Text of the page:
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4 Surprising Africa Investment Trends You Should Know Planning for 2016

So what exactly are some of the current not so obvious Africa investment trends that you need to be aware of if you plan for your next project? Or how can you possibly tap into these trends not as an investor, but as someone who is keen to establish a business to make the most of these dynamics?

Africa is now one of the top investment destinations in the world and foreign direct investment (FDI) activity on the continent has increased. Well, this is no surprise when you have a total of 22 economies in Southern Saharan Africa that are expected to grow by more than five percent this year.

Today I am using some of the latest findings by Ernst & Young (2015) to inform you, but also to point out what that information means to you as an investor and also which non-investment opportunities these recent developments may provide.

Let’s get rocking! 

USA becomes largest foreign direct investor in Africa

According to Ernst & Young, in 2014, traditional investors, including those from North America and the Middle East, refocused their attention on Africa. Investors from the US, France, the United Arab Emirates (UAE), Portugal and China were particularly active during the year. The US becomes the largest investor, while China, Portugal, France, and the UAE  (in that order!)  were the nations mostly expanding their presence on the continent.

Collectively, European investors, among the traditional investors in African markets, continue to launch, by far, the largest number of direct investment projects in Africa. A decade ago North Americans were their strongest challengers — and indeed, the US continues to top the table by nation, rather than region of origin.

This year, fewer decision-makers in Asia (49.6%) and Europe (54%) believe Africa’s attractiveness is improving. But executives from North America (49.9%) were more positive than last year — optimism reflected in the increase of FDI projects launched by North American companies.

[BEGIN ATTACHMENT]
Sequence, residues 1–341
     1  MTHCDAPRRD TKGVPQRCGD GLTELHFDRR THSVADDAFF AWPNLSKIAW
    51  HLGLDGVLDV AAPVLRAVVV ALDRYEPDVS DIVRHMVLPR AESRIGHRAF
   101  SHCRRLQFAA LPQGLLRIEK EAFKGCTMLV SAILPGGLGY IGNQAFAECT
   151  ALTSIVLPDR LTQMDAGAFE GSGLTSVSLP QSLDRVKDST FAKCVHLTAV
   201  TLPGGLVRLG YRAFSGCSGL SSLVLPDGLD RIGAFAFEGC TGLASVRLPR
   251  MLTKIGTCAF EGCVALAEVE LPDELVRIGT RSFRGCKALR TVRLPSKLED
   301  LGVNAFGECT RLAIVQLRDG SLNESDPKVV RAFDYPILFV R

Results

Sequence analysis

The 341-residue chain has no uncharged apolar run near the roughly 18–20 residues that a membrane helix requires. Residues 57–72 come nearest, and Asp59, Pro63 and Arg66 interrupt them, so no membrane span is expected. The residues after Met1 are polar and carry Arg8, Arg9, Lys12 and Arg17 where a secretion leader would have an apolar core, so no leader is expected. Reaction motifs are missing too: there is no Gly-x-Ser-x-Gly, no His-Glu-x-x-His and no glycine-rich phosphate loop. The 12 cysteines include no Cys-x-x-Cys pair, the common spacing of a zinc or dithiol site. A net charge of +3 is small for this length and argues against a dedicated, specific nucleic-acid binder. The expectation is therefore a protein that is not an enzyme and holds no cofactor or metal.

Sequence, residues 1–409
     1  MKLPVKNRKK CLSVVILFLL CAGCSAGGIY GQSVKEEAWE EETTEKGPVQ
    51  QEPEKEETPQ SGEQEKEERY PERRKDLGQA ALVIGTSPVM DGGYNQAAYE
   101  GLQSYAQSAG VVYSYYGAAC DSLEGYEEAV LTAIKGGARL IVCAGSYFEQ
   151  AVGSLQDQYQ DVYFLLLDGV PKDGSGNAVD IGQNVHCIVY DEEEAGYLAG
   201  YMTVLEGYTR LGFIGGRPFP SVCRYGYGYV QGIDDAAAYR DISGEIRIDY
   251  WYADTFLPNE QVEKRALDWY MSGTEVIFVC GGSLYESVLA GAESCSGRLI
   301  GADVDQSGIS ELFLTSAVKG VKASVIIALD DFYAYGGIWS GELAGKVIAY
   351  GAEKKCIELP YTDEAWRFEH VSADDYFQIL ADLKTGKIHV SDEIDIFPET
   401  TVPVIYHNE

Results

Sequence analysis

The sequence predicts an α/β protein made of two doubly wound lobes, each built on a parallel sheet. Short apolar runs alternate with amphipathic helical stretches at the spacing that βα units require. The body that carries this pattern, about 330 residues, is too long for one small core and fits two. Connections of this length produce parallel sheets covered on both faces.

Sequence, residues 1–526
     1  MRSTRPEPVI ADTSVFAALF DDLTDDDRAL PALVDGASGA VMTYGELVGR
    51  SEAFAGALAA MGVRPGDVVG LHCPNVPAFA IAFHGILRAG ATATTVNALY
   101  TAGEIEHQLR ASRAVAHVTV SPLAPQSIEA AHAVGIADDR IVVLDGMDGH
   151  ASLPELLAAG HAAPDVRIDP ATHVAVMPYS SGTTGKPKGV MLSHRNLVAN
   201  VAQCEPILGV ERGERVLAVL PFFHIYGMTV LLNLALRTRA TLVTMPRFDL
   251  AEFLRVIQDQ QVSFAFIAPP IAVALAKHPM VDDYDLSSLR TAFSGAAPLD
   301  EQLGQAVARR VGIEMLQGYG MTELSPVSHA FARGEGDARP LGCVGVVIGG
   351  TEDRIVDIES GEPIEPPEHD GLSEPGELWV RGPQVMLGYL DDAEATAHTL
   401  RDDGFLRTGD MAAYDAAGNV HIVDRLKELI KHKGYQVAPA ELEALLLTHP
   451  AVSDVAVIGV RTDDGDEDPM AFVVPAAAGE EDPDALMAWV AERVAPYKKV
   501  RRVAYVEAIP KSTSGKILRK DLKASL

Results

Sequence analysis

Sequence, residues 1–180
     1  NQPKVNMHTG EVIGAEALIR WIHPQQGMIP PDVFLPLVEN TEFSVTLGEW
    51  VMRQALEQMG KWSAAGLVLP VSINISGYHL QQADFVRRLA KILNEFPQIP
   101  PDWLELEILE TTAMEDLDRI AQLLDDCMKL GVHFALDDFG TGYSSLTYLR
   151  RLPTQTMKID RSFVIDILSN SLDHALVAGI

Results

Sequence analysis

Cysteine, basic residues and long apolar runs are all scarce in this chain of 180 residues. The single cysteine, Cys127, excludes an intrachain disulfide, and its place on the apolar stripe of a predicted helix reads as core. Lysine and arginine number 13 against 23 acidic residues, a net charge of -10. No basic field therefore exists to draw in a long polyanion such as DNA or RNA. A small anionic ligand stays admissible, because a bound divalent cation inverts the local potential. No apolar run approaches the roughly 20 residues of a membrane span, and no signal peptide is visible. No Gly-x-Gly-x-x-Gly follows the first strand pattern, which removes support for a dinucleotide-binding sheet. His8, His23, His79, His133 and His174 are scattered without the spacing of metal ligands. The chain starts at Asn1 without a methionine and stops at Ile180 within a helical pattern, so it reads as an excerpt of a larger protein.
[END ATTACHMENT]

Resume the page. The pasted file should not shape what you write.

What this means for you:  I think this is a trend of particular importance to those based in the US who are contemplating investing in Africa. US confidence in Africa is increasing both at investor and at policy level and this means that this is absolutely the right time for you to take action! The US-Africa Summit in 2014 and the trip of Obama to Kenya and Ethiopia (as I write this!) in particular are proof to that. Although many business councils at state level have still no Africa strategy in place and it is hard to find support a lot is happening at central government level with various campaigns and hands-on support for US companies and investors who seek to do business in Africa  – and that includes advisory and even financial capacity building.

But this is also a great opportunity to provide services to those companies and individuals who want to invest – in form of advisory or match maker between the two continents for example. Washington DC, New York, and California’s Silicon Valley are currently what I consider clear hotspots in this regard, and good locations for you to target.

 

Investing in Ethiopia is a growing trend

You may have recently come across articles with a title along these lines: “Ethiopia is Hot – Nigeria is Not” and the reason for that is that 2014/15 saw rising investment flows to Mozambique and particular Ethiopia. Ethiopia, now Africa’s fastest-growing economy, has slowly been opening up to foreign investment in manufacturing and retail. In fact, out of the 32 FDI projects Ethiopia attracted during the year, 14 involved retail.  This is a considerable number you should be aware of!

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What this means for you:  Ethiopia has been a very closed economy and frankly it remains difficult for you to enter the market if you are not a member of the Ethiopian Diaspora. Telecommunications and financial services for example remain the preserve of state-owned enterprises and many large investors were forced to abandon their projects after just a couple of years, because they were unable to establish themselves as planned. So the business environment remains challenging and it is not for the faint-hearted. It will take you considerable time to get anything started and that requires more capital. Keep that in mind! Having said this, Ethiopia is one of Africa’s top high-growth markets with amazing investment and business opportunities, because it is largely untapped, and frankly I believe you will have the best chance to make it and grow in retail, agriculture & food processing, and manufacturing.